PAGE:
When South Carolina native General John C. Fremont died of peritonitis in his Manhattan home on July 13, 1890, the first senator from California, and fifth territorial governor of Arizona, was lauded and remembered as “the pathfinder of the Rocky Mountains,” a pioneering explorer who bravely sought a rail route thru and over terrain to the Pacific Ocean once previously thought both impossible and impassable.

Fremont’s dramatic and adventurous life came to mind considering news that California Governor Gavin Newsom will be appointing Laphonza Butler to fill the late Senator Dianne Feinstein’s seat.

Senator Feinstein, the longest-serving female senator in American history, and a radical abortion supporter, died last Thursday. She was 90.

Butler, who previously served as a senior advisor to then Senator Kamala Harris’ 2020 presidential campaign, is currently the president of EMILY’s List, an extreme pro-abortion organization whose stated mission is “to elect Democratic pro-choice women up and down the ballot and across the country with a goal of fighting for our rights and our communities.”

EMILY’s List – a group whose name is an acronym standing for “Early money is like yeast,” has raised and spent upwards of a billion dollars since 2016 to elect well over 1500 pro-abortion women across local, state and federal offices.

Those of a certain age often lament the ideological shift of the Golden State, which once featured Ronald Reagan as its governor. In fact, between 1952 and 1988, only the reelection of Lyndon Johnson in 1964 interrupted GOP presidential dominance in the country’s most populous state.

Yet the seismic shift of California’s senators, from its first to its most recent, extends well beyond partisan labels and traditional politics.

Perhaps because of its location, the state has long attracted pioneers – for good and bad.

General Fremont, whose (at times) controversial expeditions and roles captured headlines and gave some of his leadership headaches, including Abraham Lincoln, didn’t just blaze a physical trail through rock and prairie. John C. Fremont, who claimed a personal Christian faith (Episcopalian), was morally opposed to slavery – and refused to budge, even to his own political detriment.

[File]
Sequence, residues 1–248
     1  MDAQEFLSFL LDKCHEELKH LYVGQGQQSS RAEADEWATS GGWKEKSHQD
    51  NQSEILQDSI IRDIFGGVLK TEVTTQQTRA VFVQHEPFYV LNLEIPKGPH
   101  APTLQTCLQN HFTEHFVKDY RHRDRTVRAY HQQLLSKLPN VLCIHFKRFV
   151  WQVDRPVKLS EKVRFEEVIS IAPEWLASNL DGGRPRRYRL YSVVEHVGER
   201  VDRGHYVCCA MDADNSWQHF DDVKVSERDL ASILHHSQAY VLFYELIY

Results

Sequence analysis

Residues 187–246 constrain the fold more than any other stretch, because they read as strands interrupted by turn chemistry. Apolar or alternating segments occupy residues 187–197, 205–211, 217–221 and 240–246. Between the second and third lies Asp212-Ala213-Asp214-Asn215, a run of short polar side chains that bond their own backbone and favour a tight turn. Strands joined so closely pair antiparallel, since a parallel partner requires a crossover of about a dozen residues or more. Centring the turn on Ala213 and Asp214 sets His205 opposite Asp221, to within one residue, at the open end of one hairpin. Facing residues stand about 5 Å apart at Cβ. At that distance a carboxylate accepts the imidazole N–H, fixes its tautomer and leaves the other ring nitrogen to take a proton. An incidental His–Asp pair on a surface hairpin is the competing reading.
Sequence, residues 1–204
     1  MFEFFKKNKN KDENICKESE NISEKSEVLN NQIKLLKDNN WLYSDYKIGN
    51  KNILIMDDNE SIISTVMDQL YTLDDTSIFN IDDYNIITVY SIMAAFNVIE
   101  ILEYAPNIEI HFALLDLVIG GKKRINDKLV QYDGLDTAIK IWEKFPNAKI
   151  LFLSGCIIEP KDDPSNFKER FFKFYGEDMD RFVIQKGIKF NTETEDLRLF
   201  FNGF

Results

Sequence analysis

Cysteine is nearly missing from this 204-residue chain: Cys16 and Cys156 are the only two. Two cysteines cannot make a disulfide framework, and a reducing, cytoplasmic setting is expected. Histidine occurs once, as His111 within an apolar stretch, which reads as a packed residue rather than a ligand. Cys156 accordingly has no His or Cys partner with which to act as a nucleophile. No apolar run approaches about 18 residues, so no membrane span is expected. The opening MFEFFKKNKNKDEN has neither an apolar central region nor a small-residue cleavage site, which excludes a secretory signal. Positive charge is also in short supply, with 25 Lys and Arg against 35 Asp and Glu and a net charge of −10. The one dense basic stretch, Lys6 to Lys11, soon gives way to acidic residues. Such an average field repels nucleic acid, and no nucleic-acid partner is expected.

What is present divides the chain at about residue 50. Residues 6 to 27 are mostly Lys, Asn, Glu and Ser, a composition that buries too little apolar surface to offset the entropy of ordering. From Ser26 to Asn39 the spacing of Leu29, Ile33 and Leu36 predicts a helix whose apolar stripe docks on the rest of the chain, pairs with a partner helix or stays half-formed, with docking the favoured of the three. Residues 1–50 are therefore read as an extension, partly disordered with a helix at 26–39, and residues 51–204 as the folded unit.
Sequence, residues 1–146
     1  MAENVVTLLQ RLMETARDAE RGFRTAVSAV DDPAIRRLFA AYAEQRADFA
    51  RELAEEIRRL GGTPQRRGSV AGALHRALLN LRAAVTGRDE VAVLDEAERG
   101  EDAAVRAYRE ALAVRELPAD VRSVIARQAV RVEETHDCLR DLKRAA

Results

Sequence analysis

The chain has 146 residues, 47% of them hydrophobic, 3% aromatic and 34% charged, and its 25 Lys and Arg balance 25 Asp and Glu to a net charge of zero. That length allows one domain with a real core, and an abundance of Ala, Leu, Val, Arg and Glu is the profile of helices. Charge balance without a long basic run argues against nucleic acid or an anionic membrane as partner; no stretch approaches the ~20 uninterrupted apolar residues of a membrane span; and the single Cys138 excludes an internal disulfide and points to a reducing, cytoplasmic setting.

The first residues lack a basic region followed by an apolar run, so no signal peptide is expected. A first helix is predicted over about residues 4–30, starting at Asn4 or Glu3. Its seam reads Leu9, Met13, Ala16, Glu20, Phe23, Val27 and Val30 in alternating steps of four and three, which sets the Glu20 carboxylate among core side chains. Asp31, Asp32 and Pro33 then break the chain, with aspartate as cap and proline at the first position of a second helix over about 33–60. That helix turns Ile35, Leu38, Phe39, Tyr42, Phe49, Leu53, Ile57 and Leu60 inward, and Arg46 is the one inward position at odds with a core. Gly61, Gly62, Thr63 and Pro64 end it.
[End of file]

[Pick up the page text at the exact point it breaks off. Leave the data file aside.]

Running for president in 1856, the Fremont campaign’s slogan was pithy and direct: “Free speech, free press, free soil, free men, Fremont and victory!”

It didn’t work. The first Republican party candidate, Fremont lost to James Buchanan. Ironically, opponents claimed his anti-slavery position would lead to civil war. After Lincoln was elected in 1860, a group of Republicans, frustrated by the new president’s slavery strategy, nominated Fremont to run against “Honest Abe” in 1864. Initially inclined to do so, the general stood down out of fear of splitting the party.

In announcing the appointment of Butler to the Senate, Governor Newsom noted she “will be the first openly LGBTQ person to represent California in the Senate. She will also be the first Black lesbian to openly serve in Congress in American history…”

When it comes to God’s design for human sexuality and the sanctity of life, especially, pioneering away from His plan invites and inevitably ushers in dangerous outcomes. In an increasingly post Christian era, California and the rest of our nation are in desperate need of pioneering Gospel-driven leaders who will affirm His plan, regardless of the political fallout it might engender.


Photo from Shutterstock and University of California.